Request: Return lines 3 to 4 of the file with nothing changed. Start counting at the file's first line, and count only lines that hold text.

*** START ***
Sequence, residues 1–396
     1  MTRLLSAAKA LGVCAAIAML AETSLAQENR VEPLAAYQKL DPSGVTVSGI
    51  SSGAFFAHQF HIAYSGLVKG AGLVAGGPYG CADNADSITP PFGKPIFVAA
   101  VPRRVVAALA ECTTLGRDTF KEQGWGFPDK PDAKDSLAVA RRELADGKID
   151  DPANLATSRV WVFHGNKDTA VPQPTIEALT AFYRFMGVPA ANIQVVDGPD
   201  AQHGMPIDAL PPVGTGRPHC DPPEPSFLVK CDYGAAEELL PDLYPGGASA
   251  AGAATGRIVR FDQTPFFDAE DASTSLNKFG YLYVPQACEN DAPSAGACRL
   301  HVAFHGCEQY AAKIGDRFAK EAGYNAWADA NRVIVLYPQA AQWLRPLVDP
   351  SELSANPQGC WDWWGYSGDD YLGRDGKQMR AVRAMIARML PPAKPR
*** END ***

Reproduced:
    51  SSGAFFAHQF HIAYSGLVKG AGLVAGGPYG CADNADSITP PFGKPIFVAA
   101  VPRRVVAALA ECTTLGRDTF KEQGWGFPDK PDAKDSLAVA RRELADGKID